The health benefits of being beside the seaside
Taking a breath of fresh air, a dip in the sea and a walk on the sand is certainly a pleasant way to spend your time. But recent research shows that not only do we like to be beside the seaside, but it may actually be good for us too. Here we explore the health benefits of coastal living.
The British love a summer vacation abroad don’t they? A chance to unwind and relax on a tropical beach and while away the hours on a sun lounger.
But can we get the same sense of recuperation that a foreign holiday can provide from beaches closer to home?
Well studies suggest so.
Research, carried out by Plymouth University, recently concluded that those who live by the sea are healthier than those living inland.
And scientists from the European Centre for Environment and Human Health at the University of Exeter backed this up, claiming those who indulged in regular seaside trips were happier than those stuck in land-locked towns and cities.
Here are a few of the ways you benefit from a beach break:
· Sunshine - Getting outside for 15 minutes a day, even in our climate, can significantly affect wellbeing. Increasingly, doctors around the world are warning that in our desire to avoid the risk of skin cancer, we have swung too far the other way and aren't getting enough of the vitamin D the sun provides. Studies show that the higher the level of vitamin D in the body, the lower the blood glucose level, suggesting that sun avoidance may be linked to the onset of Type 2 diabetes.
· Sea water - According to the journal Skin Research and Technology, researchers have treated dermatitis with sea water. The salt and potassium chloride content ''sealed" the damaged skin and speeded its healing. The British Association of Dermatologists says many parents report that their child's eczema improves after swimming in the sea. Sea water is also touted as a cure for hay fever, colds and sinus infections, as it has strong antihistamine effects and is a good decongestant.
· Sand - Sand acts as a natural exfoliator, helping the old skin to shed more quickly and improving its natural regeneration.
· Sea air - The smell of the seaside is caused by dimethyl sulphide gas and getting a lungful at the beach has been proven to help you to sleep better. This is because sea air is full of negative hydrogen ions, charged particles abundant in sea spray and concentrated in fresh air, which improve our ability to absorb oxygen and help to balance levels of seratonin, the feel good hormone, making us less prone to anxiety.
· Seafood – Living by the sea means you have better access to low-fat, high-protein brain food. Studies have shown that the Omega 3 oils it contains can help prevent heart disease, boost brain development, reduce the risk of Alzheimer’s, improve skin and hair and ease depression.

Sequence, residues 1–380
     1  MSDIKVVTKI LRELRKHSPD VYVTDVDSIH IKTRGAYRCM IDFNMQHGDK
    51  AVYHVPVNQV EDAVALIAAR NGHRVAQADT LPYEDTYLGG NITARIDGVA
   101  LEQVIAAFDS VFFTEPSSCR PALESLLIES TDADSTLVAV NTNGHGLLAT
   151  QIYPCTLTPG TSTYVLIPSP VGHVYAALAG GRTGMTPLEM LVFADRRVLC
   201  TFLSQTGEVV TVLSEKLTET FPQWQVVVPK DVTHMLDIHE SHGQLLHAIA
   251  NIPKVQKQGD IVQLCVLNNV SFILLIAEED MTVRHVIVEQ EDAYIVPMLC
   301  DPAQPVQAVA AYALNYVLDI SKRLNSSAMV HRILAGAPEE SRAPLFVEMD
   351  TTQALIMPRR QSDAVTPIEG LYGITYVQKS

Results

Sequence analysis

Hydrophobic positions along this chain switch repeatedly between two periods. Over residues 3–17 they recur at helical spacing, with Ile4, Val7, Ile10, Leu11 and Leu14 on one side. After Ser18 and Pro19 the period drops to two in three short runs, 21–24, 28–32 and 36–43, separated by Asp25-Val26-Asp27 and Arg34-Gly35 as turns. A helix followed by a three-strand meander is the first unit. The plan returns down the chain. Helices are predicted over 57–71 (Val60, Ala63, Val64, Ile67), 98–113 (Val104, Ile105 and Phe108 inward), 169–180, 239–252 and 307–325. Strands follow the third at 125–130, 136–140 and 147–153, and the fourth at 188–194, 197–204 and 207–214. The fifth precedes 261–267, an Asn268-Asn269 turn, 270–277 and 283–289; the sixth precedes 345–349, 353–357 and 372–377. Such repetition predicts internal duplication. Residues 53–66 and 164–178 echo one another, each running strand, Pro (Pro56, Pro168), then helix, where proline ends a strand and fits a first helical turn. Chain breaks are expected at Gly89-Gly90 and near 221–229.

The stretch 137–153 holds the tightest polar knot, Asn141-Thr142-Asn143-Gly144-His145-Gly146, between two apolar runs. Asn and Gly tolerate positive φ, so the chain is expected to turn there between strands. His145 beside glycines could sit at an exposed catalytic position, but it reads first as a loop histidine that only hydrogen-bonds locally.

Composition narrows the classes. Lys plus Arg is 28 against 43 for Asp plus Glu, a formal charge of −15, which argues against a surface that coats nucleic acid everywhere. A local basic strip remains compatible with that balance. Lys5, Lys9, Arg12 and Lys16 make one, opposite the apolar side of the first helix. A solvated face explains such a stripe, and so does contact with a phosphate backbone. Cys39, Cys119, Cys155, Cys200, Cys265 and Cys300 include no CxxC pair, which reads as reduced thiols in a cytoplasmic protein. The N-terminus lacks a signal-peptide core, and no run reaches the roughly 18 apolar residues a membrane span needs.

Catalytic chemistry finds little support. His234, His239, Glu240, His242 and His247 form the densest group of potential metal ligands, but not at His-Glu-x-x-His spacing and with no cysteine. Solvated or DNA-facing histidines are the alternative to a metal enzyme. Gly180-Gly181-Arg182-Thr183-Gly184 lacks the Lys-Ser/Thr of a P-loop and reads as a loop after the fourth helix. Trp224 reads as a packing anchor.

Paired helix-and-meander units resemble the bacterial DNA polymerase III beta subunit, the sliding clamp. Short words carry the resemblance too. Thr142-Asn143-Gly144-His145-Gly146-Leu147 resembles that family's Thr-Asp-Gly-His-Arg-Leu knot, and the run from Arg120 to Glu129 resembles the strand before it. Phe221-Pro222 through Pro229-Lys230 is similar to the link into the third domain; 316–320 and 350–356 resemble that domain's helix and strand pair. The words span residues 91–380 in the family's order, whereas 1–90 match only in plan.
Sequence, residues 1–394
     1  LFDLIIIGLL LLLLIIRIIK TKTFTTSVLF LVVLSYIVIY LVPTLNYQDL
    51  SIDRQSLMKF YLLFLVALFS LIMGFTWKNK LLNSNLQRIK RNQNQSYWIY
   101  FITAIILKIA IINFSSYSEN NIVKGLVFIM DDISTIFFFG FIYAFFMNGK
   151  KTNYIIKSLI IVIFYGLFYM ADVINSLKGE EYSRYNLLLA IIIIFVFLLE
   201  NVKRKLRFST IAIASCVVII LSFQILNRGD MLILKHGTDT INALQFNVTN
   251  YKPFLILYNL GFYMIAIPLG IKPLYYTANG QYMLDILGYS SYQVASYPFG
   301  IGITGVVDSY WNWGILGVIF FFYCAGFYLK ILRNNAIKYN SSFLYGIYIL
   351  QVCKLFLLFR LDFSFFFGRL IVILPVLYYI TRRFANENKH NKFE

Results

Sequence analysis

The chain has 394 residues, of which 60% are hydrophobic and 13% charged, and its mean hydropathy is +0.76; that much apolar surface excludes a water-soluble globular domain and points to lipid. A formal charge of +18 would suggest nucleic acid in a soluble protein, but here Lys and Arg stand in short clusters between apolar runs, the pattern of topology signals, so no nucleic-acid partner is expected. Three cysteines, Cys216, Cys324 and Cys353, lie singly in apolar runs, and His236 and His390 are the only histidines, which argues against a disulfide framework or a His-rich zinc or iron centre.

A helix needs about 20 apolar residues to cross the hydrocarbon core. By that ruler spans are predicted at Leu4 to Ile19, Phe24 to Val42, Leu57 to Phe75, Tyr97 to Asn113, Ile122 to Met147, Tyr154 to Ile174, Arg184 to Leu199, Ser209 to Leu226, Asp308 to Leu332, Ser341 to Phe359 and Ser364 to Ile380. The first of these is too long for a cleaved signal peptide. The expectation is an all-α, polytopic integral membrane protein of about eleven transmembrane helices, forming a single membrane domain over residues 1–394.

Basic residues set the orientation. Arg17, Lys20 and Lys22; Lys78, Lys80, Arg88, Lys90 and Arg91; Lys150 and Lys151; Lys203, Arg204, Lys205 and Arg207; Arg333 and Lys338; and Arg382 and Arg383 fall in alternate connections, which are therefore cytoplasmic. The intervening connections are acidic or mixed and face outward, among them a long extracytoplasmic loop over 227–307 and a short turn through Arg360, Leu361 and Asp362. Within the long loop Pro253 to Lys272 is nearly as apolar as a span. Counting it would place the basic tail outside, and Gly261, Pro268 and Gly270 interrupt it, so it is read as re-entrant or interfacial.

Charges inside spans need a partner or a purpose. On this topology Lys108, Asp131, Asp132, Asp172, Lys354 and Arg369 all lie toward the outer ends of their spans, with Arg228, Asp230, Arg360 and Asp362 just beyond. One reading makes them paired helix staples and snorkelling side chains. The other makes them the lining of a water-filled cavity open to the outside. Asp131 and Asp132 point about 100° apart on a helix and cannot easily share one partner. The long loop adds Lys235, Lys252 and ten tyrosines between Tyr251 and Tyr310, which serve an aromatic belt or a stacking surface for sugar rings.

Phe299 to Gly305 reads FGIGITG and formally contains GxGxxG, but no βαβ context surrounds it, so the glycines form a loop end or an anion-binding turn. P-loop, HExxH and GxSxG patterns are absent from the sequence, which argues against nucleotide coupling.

The idea that beachside living can do wonders for your physical and emotional well-being is a theory that has stood the test of time.
The Georgians and Victorians used to flock in their masses to the British coast every summer to lap up the benefits.
And many care homes, rehabilitation units and convalescence hospitals have been – and still are - built by the sea.
Here in Felixstowe, The Bartlet Hospital was founded in 1926 as a convalescent home using a bequest of £250,000 from Dr John Bartlet, a local surgeon.
The building, which overlooks the beach and rows of beach huts was closed in 2006, but has now been given a new lease of life developed into prestigious apartments and town houses which are being snapped up by those who want a slice of the good life.
Heather Blemings, a gradmother of five, has bought one of the flats with a sea view.
She said: “Dr Bartlet’s vision of drawing upon the regenerative power of this special location remains just as relevant today.
“This was a sanctuary of recovery by the sea – and still is.
“I think I will certainly enjoy a better quality of life by the sea during my retirement but I can also see that this is an ideal spot for families who spend the majority of time living in the hustle and bustle of the City and want a weekend seaside retreat.”
There are now more people over the age of 65 living in the UK than there are those under 16.
And a survey carried out in 2009 found that in England, 43% of over-50s plan to move away when they retire - and only 2% of them were interested in moving to London.
More than 80% wanted to live in a more rural location – with many saying they would like to indulge their sentimentalism for places where they holidayed as children – such as the British coast.
Of course, anywhere with a sea view is hot property. But, as Heather points out, you can’t put a price on good health.
“Coastal living is healthier for a number of reasons,” she said.
“Coastal villages and towns generally form a closer-knit community than you would find in the hustle and bustle of more densely populated urban areas.
“They also stimulate the senses - boasting views of wide expanses of open water, the sounds of crashing waves and seagulls and the smell of salt and sea spray – all of which are proven to act as mood enhancers.
“And on top of this, a seaside environment encourages physical activity – something which is beneficial to people of all ages.”